With Lisa Taddeo’s debut novel we meet Joan. Once you meet Joan, it’s difficult to un-meet Joan. In fact, despite being half-way through another novel, as soon as I picked up Animal the other novel got shoved aside. Taddeo’s character is beguiling, unflinching and through Alice, you are keen to find out more.
Lisa Taddeo, being the acclaimed writer of Three Women, spent eight years and thousands of hours tracking the women whose stories are incorporated into the book, moving to the towns they lived in to better understand their lives. She has contributed to New York magazine, Esquire, Elle, Glamour and many other publications. Her short stories have won two Pushcart Prizes, and Animal is her debut novel.
Joan drove herself out of New York City where a man shot himself in front of her. He was a gluttonous man and when his blood came out it looked like the blood of a pig. He did it in a restaurant where she was having dinner with another man, another married man. Do you see how this is going?
Animal is a pacey, “how did things end up this way?” type novel and it’s impossible to put down as soon as you pick up. The prose and the character renders it a helluva read with a plot that seems to move very little, but we, like Alice, want to listen intently to the plot as it moves along the temporal timeline, back and forth. And though at times it may seem the plot’s inconceivable, with a past like Joan’s, there is no doubting this outcome.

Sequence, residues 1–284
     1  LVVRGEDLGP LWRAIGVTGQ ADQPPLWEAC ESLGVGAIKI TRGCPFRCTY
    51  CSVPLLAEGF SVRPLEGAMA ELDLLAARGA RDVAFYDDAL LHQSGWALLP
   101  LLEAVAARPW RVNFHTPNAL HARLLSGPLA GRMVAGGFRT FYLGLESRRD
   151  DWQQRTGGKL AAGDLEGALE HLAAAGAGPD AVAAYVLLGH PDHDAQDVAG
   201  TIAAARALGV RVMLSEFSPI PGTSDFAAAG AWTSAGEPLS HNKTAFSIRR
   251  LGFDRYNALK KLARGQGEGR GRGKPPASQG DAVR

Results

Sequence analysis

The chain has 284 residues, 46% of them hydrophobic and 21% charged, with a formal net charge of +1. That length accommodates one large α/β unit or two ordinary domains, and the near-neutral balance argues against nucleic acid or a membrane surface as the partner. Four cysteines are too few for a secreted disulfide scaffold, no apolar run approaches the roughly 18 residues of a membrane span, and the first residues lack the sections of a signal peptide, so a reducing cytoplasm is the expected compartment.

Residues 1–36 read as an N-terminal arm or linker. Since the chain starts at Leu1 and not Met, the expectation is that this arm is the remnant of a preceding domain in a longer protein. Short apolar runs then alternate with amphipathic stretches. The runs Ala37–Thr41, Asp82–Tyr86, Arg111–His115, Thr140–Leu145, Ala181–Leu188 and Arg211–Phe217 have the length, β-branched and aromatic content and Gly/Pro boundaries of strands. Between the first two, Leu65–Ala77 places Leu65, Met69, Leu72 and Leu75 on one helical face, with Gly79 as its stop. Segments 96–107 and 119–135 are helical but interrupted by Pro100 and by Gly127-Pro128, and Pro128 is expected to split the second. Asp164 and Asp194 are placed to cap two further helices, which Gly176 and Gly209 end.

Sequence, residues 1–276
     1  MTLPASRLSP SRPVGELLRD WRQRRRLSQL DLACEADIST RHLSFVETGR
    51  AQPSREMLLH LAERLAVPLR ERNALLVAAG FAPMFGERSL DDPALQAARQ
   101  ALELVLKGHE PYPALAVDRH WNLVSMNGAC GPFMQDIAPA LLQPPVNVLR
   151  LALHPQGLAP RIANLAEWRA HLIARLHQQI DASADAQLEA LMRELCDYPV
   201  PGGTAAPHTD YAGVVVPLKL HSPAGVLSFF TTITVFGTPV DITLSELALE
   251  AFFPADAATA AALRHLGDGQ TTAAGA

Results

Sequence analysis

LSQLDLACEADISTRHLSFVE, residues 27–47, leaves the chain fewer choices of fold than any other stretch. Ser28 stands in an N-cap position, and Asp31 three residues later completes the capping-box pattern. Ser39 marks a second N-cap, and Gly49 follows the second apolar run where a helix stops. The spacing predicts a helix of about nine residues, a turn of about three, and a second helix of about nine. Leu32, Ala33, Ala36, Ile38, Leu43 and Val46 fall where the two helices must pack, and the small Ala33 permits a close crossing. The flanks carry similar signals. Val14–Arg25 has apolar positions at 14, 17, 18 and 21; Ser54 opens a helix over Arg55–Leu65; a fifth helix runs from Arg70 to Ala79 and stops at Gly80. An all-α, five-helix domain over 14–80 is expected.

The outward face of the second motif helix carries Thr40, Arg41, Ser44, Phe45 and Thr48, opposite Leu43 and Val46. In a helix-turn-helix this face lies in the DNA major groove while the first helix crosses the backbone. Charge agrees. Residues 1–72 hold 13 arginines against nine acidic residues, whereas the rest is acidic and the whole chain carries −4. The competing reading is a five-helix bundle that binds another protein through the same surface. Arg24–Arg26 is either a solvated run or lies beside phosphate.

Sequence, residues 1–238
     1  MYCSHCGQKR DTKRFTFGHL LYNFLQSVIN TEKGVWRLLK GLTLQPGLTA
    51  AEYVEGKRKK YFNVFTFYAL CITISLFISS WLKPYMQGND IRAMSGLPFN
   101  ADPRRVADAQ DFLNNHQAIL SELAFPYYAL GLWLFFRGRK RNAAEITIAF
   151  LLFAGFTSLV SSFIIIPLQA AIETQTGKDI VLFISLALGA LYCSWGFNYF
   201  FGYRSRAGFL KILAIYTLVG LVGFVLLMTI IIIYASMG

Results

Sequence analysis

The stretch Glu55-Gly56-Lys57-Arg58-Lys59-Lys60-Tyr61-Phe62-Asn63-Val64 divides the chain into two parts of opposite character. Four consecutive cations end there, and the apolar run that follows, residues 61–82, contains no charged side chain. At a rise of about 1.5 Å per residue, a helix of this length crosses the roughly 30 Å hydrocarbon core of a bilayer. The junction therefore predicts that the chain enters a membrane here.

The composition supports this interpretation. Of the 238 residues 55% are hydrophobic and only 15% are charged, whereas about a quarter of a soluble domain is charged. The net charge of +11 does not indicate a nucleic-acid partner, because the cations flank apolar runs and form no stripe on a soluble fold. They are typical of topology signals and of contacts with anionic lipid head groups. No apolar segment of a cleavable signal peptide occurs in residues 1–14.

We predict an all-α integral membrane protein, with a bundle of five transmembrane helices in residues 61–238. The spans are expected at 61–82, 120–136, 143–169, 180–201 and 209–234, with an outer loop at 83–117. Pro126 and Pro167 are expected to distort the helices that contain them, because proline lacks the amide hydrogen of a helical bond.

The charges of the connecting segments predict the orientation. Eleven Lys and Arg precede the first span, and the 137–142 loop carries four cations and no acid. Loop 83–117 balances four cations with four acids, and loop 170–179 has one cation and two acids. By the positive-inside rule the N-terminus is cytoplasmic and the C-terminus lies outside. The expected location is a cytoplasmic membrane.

For those that might be triggered, I will flag that abuse is highly common throughout the entirety of Taddeo’s novel and the plot is riddled with it. From what happened to Joan at a young age has ultimately seen her end up in countless abusive relationships to married men and a willingness to accept whatever attention men offer her. It’s all too common and sadly relative to many of us. However, there is a wonderfully strong and emotive side to Joan along with twists you don’t necessarily predict as the novel progresses. It’s disturbing, triggering, warm and stunning all at the same time.
It’s frustrating that for many this is not escapism and will be a difficult read, Taddeo portrays and highlights with such scorn and a fine-tuned pen the repercussions and upsetting effects of abuse.
Animal is out now, published by Bloomsbury.